I am passionate about continuous and lifelong learning, with respect adult education. My business, Jennifer Baker Consulting, just celebrated its fourth year in business and throughout this time I continue to notice and connect the similarities between marketing strategy and the instructional design process.
In the first blog I discussed the needs assessment, as well as the learner and contextual analysis. In the second blog I discussed developing a task analysis as it compares to the marketing plan.
Today’s blog will focus on the development of instructional objectives. When completing my BEd in Adult Education, I found this topic extremely fascinating.
Step 4: Instructional Objectives
The purpose of instructional objectives is two-fold. First, instructional objectives guide the instructor to develop course-appropriate instruction, which are devised from the needs assessment and task analysis. Second, instructional objectives allow for the development of learner evaluation. In formal education settings, evaluation of the learner is necessary to assess their progress, as well as the performance of the program.
Instructional objectives are classified into three silos: cognitive, psychomotor, and affective domain.
A) Cognitive Domain
When developing curriculum it has been recognized that the cognitive domain tends to receive the most attention among teachers and instructors, likely because it focuses on knowledge, the recall of specific information, and comprehension, the lowest level of understanding. Progressing further within this domain, however, instructional designers can focus on application, analysis, synthesis, and evaluation of information, rules, principles, and relationships. It is in the latter areas of the cognitive domain where learners begin to develop critical thinking.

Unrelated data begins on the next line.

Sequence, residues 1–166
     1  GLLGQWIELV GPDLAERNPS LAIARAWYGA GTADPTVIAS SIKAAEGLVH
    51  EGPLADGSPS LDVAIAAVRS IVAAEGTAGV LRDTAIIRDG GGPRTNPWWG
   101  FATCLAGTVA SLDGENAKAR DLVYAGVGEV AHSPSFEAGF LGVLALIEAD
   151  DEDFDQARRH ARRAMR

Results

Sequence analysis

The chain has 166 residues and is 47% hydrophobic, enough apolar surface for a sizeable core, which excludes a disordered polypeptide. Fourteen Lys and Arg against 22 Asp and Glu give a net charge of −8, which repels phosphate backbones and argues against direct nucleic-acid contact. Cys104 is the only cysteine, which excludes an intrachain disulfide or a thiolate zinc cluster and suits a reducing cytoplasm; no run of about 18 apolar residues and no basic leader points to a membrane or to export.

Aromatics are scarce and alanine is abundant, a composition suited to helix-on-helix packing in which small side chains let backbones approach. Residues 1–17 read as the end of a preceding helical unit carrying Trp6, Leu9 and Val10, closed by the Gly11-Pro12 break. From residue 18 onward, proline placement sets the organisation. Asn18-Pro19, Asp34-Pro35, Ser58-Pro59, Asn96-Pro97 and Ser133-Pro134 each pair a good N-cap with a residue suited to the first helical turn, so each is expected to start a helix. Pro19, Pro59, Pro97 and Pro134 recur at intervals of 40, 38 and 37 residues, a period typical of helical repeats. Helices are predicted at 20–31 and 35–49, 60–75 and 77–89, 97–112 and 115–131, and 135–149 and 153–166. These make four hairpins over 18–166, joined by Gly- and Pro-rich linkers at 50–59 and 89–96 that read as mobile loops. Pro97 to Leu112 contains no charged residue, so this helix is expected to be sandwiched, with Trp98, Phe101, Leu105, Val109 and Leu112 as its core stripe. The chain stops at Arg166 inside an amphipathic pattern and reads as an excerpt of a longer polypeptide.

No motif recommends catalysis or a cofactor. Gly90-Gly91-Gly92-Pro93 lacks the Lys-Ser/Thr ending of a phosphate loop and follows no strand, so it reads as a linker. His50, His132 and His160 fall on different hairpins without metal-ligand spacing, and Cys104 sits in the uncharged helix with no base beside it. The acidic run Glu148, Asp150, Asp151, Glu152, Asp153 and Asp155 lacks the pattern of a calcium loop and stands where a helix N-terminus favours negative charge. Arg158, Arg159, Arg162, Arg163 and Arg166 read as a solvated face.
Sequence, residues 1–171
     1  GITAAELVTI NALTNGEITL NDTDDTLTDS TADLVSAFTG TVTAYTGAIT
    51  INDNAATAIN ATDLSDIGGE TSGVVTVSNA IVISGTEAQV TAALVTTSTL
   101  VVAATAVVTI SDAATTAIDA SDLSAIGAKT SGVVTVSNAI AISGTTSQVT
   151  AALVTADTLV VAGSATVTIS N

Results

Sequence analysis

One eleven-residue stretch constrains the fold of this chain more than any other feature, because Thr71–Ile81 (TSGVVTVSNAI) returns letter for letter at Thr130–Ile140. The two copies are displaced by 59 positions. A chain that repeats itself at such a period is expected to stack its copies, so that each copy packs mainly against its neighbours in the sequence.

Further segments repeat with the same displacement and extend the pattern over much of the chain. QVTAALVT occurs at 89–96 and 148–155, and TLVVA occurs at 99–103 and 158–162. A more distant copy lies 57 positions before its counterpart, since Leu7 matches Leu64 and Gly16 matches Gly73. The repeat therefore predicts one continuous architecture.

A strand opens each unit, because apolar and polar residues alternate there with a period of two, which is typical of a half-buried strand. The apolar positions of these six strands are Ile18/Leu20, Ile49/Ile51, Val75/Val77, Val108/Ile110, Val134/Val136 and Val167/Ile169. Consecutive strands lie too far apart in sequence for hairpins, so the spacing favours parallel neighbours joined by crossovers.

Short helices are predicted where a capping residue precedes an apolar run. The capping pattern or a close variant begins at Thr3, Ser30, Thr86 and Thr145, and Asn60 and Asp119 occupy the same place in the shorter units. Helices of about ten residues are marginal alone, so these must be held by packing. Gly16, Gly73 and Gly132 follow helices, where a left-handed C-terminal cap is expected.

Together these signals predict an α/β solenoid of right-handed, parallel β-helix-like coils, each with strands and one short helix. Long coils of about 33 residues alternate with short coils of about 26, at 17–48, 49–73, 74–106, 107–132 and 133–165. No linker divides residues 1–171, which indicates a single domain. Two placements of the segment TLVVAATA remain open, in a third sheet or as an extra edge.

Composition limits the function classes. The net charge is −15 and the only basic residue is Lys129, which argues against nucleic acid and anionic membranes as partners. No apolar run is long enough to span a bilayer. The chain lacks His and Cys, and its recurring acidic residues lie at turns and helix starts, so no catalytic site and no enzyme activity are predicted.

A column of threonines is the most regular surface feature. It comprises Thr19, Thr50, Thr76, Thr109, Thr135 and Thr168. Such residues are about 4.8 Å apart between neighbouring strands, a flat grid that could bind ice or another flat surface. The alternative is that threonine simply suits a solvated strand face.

B) Psychomotor Domain
The psychomotor domain focuses on developing the learner’s movement and muscle memory. In my experience the learner must first accomplish objectives within the cognitive domain (i.e. general knowledge of task), prior to accomplishing psychomotor objectives. When introducing a new topic, I provide an brief overview of the topic (i.e. knowledge), importance to businesses (i.e. comprehension), and the relevance to the learner (i.e. application). As you can see, I touch on three cognitive objectives prior to introducing the psychomotor objective.
Within the psychomotor domain there are four levels, including imitation, manipulation, precision, and articulation. When working with beginners I focus on imitation, the level in which the learner first observes the task, and then performs it. However, when working with advanced users, I am able to focus on precision and articulation, levels in which learners can perform a task efficiently and effectively.
C) Affective Domain
Finally, the affective domain focuses on attitudes, values, and emotions, and considered the most difficult to write objectives. The lowest objective, receiving, refers to how the learner collects information through listening, awareness, and perception. This domain, I find, is more about developing an individual’s personal soft skills – which are very important.
How is this going to compare to a marketing strategy? It’s cooler than you think! While this may be a bit of a stretch, I think it fits great!
Step 4: Campaign Development
When developing a campaign, the marketer can segment the campaign process into three sections: educate, action, emotion.
Firstly, a marketer wants to bring attention to their product, service, or cause (i.e. knowledge). To personalize the information, the campaign typically demonstrates how this product, service, or cause applies to a customer’s life (i.e. understanding).
Once becoming knowledgeable about the product and its application, the marketer wants you to take action, which can include purchase of product or service, or donation (i.e. imitation). Many times traditional advertisements (i.e. television ads) ask viewers to take action through social media engagement on Facebook, or Twitter, which would be considered precision within the psychomotor domain.
The final step, and the most important to a marketer, is characterizing, the fifth level within the affective domain. This level refers to a component “becoming part of his or her code of behaviour.” The product, service, or cause has become so entrenched in the individual’s psyche that it has become part of their daily regime. Think of everyone who needs their Tim Hortons Double Double or Starbucks latte before work. Similar to instructional design, creating loyalty is the most difficult task to a marketer, but it is the most important and valuable in the long run.
This was a fun one! Next time we’ll talk about content sequencing!
** Information from one of my favourite textbooks –> Designing Effective Instruction: Morrison, Ross, Kalman, Kemp (2011) **